Better onions

Published on April 16th, 2014 | by Jill Ettinger

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Why Do Onions Make You Cry? How Chemicals Work in Food [Infographic]





onions

We eat. It’s as much a part of being human as breathing. But unlike breathing, food is much more fun, and complicated. We have so many flavors, colors and textures of foods to choose from. But with that come all kinds of weird effects as a result of the chemical compounds in food: Why do onions make you cry? Why does asparagus makes your pee stink? If you have ever wondered about these weird effects of food, you’re not alone.

A British graduate chemist and secondary school teacher, who is remaining anonymous, set out to help explain these food chemical phenomena with some pretty rad infographics on a blog called Compound Interest.

“Chemistry gets a pretty bad reputation at times, with the word “chemicals” too often used to denote something bad. I want to show [with the infographics] that chemicals are in fact in everything, in all the foods we eat and responsible for some pretty interesting effects,” he told MailOnline.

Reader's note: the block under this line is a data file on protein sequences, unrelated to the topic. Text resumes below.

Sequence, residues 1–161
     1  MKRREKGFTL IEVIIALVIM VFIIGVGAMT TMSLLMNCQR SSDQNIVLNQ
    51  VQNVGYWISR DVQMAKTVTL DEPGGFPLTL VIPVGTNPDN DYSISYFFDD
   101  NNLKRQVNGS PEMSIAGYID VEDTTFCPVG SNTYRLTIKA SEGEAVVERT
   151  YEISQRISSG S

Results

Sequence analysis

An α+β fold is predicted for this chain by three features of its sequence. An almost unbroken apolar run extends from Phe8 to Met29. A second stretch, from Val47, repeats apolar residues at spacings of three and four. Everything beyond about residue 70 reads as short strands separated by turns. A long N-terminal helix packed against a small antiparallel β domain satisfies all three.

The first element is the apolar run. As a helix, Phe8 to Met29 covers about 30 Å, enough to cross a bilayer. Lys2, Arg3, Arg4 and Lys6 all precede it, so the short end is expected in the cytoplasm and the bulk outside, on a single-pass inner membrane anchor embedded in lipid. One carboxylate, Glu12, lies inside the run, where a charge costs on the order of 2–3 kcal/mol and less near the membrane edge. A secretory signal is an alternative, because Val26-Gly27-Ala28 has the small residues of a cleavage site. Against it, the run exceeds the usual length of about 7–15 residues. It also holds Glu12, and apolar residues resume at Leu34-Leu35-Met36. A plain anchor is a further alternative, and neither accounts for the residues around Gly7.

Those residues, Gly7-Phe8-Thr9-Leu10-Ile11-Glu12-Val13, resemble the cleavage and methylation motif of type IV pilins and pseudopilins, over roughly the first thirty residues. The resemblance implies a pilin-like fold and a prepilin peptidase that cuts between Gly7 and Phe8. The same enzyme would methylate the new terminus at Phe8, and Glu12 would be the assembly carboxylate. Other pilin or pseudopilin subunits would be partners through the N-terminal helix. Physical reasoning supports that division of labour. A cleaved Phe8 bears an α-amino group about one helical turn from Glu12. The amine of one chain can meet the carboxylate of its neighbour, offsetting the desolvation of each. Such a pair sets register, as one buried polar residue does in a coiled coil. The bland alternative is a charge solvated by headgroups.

Oh yeah. Chemicals aren’t always bad. We totally forgot about that (thanks, Monsanto!).

“For example, asparagus causes the urine of some – but not all – people to smell and for 40 years scientists have tried to pinpoint the chemical compounds responsible. While there is no definite verdict, it is thought they are all compounds formed by the breakdown of asparagusic acid,” explains the Daily Mail. “The ability to smell asparagus-influenced urine is not universal and research has shown that two out of 31 people could not detect the difference in smell. It has also been proven that not all people produce smelly urine after eating asparagus.”

And what about those onions? Why do onions make you cry? “The chemist also explained why onions make humans cry,” explained the Daily Mail. “None of the compounds that cause people’s eyes to water are present in an intact onion, but when the cell walls are damaged by chopping, an enzyme produces a range of compounds as a defence mechanism, which act as irritants.”

If you’ve ever wondered why grapefruits interact with medications, or why chilis make your tongue feel like it’s on fire, these infographics may just give you some food for thought. And they’ll probably also make you really hungry.

Image via Compound Interest

 

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About the Author

Jill Ettinger is co-director of Eat Drink Better. She is the senior editor at EcoSalon.com and OrganicAuthority.com. A focus on food, herbs, wellness and world cultural expressions, Jill explores what our shifting food, healing systems and creative landscapes will look, sound and taste like in the future. Stay in touch on Twitter @jillettinger and .



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